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This company bills itself as the Netflix of vinyl records | Consequence of Sound

This company bills itself as the Netflix of vinyl records | Consequence of Sound


This company bills itself as the Netflix of vinyl records

Vinyl Records

Consumers flock to Netflix for a number of reasons, but perhaps the most prevalent is that the service eliminates pesky things like interacting with other people and having to go outside. If you’re an equally busy or socially inept music fan, there’s now VNYL, a service marketing itself as the “Netflix of vinyl records.” Between this and GrubHub, I guess I won’t need to leave my Chicago apartment all winter long.

Similar to its movie-based counterpart, VNYL is a fairly straightforward concept. First, subscribers choose between several categories, called #vibes, which include #cooking, #betweenthesheets, #rainyday, and #work. From there, the service sends a custom pack of LPs based on the #vibes selection. Users can keep any of the LPs for $12 each or return any record for another #vibes selection at the end of the month. If you’re a Gen Xer or Millennial, it’s almost the equivalent of the Columbia House Record Club.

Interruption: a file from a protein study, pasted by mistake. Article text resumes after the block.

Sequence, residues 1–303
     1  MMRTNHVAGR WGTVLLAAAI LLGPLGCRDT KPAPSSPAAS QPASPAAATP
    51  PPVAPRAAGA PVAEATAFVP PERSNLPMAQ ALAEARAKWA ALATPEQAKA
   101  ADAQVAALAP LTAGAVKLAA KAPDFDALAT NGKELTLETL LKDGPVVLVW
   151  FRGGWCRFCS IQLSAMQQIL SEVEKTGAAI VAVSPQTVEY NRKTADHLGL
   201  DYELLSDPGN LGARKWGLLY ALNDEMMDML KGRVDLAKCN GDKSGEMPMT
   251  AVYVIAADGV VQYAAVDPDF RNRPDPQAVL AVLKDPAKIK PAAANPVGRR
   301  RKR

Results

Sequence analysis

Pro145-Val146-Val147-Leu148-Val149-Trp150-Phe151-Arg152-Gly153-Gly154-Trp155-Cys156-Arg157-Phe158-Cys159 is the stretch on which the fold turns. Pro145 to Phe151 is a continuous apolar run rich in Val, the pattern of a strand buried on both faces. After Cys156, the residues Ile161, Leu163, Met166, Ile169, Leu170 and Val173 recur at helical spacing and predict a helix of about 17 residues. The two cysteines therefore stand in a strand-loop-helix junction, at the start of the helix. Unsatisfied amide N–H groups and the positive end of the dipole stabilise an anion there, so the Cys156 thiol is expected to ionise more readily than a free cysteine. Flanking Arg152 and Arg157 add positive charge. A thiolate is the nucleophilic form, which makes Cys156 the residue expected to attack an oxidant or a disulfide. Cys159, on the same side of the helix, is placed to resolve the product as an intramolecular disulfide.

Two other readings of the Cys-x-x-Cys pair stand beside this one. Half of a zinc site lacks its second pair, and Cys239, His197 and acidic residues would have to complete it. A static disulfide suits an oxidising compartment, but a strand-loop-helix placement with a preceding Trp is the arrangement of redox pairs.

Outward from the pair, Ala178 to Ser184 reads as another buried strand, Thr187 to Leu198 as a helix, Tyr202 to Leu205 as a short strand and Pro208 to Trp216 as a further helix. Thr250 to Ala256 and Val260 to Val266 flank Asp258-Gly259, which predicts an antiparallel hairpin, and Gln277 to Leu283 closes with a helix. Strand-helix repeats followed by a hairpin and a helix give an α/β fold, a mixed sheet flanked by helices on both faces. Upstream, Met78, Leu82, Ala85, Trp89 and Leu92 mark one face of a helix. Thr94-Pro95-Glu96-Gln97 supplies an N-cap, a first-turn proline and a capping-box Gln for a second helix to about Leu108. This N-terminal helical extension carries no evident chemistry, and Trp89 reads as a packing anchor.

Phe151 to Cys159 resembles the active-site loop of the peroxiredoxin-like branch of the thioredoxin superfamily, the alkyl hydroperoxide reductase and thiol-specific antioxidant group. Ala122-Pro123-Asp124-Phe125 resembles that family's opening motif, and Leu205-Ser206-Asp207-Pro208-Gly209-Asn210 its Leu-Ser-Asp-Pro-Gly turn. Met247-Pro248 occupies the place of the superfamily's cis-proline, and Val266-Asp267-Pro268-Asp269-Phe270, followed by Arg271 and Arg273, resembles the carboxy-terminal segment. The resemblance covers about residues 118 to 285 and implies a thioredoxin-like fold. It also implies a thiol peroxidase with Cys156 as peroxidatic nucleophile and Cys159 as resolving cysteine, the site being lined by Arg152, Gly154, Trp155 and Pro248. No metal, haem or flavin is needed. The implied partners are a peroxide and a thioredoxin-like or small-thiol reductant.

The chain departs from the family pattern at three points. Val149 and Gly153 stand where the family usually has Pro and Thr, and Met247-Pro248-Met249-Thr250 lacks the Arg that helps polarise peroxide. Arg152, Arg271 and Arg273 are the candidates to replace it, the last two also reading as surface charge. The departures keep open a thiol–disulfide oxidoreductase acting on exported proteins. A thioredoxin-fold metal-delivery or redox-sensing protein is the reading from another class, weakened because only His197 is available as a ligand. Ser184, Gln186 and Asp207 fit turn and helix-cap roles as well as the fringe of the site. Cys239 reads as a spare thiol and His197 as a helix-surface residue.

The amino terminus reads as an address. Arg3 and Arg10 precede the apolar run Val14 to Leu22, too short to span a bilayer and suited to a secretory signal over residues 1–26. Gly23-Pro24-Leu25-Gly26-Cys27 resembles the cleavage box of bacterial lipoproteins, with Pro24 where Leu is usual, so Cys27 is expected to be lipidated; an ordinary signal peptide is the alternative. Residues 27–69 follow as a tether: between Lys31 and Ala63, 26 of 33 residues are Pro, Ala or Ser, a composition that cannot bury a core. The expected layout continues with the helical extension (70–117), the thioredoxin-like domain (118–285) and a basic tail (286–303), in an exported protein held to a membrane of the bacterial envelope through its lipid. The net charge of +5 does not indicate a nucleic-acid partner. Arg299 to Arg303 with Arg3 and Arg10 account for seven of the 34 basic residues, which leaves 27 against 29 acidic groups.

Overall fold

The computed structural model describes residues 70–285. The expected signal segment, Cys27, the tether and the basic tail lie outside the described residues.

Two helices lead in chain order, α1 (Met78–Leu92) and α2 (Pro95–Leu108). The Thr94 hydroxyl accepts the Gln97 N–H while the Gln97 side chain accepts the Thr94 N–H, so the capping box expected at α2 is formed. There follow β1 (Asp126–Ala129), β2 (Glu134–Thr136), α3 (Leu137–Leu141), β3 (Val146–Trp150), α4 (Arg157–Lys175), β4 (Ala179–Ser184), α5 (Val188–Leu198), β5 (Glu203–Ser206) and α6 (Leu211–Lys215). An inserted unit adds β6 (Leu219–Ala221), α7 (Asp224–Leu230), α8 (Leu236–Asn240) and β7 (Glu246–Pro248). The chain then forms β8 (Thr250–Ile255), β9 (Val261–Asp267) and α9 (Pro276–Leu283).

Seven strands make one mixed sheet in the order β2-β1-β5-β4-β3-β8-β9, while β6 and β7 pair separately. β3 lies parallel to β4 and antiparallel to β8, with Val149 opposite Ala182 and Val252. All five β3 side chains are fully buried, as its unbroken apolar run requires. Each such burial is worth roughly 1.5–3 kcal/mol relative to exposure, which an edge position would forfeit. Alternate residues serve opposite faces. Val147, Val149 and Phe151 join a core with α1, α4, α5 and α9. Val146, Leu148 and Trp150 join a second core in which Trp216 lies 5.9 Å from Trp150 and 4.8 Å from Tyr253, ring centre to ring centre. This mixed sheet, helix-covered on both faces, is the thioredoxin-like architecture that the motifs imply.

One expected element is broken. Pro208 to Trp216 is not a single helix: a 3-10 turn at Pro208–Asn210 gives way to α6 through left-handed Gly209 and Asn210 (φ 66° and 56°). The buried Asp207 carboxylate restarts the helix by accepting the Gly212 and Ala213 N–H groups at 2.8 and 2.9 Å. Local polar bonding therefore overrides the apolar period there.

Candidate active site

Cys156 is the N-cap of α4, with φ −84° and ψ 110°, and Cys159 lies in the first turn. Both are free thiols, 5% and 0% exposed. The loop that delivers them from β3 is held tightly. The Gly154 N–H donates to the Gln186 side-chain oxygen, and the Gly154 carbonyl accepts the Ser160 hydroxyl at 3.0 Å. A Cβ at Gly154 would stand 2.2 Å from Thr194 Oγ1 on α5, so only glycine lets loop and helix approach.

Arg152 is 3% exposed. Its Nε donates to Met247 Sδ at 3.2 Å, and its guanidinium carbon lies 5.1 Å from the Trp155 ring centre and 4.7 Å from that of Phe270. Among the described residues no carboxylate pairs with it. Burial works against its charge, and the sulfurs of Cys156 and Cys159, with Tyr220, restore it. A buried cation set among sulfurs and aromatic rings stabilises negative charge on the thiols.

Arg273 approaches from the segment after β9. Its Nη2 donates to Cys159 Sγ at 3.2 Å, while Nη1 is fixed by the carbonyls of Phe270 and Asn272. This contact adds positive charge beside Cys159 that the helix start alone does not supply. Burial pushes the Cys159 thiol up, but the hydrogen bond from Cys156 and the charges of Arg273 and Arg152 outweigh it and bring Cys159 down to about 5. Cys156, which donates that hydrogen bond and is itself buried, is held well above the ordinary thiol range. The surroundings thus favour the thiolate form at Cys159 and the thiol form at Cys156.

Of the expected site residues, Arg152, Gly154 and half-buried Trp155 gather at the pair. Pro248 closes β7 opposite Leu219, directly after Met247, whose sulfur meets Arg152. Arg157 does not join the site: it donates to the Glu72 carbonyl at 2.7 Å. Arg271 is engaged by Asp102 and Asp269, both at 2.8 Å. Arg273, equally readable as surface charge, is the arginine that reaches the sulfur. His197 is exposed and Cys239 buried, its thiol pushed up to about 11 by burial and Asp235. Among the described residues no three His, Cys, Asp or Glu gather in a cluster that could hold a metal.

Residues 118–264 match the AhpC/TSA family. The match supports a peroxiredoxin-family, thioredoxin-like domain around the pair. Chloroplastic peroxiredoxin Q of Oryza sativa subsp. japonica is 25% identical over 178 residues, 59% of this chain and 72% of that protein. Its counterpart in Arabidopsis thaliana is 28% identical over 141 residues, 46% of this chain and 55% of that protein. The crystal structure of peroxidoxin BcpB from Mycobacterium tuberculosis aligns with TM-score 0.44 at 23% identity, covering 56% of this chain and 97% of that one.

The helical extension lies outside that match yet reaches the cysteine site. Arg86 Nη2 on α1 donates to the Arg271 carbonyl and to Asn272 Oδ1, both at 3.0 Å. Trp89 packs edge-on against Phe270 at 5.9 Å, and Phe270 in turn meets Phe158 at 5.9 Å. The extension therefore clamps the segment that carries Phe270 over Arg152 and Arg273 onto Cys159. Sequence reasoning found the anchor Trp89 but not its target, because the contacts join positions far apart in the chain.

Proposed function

“Right now I feel penalized for not being able to share what I’m listening to and get decent recommendations on vinyl that I may be into,” VNYL founder Nick Alt told Mic recently. “[The inspiration for VNYL] was taking some of the best parts of Beats, Spotify and SoundCloud and translating them into a tangible experience.”

It’s a shrewd business move given the current make-up of the music buying landscape. In 2014, consumers purchased some 9.2 million vinyl records, the most since Nielsen started tracking sales back in 1991.

VNYL is not without its competitors, however: Another service called Vinyl Me, Please sends subscribers a new limited-edition record each month for $23, while Wax & Stamp and Klekt will launch later this year across Europe.

While it seems like a natural progression for vinyl consumption, wax heads do have their concerns. Several commenters have questioned whether the quality of the vinyl will hold up after repeat use-and-return cycles, in addition to what effect playing potentially scratched LPs could have on their stereo equipment. Plus, as vinyl users have a clear interest in a more tangible musical experience, it might be difficult to pull them away from their beloved brick-and-mortar shops.

Below, enjoy the next bext thing: listening to music while watching a vinyl record spin.




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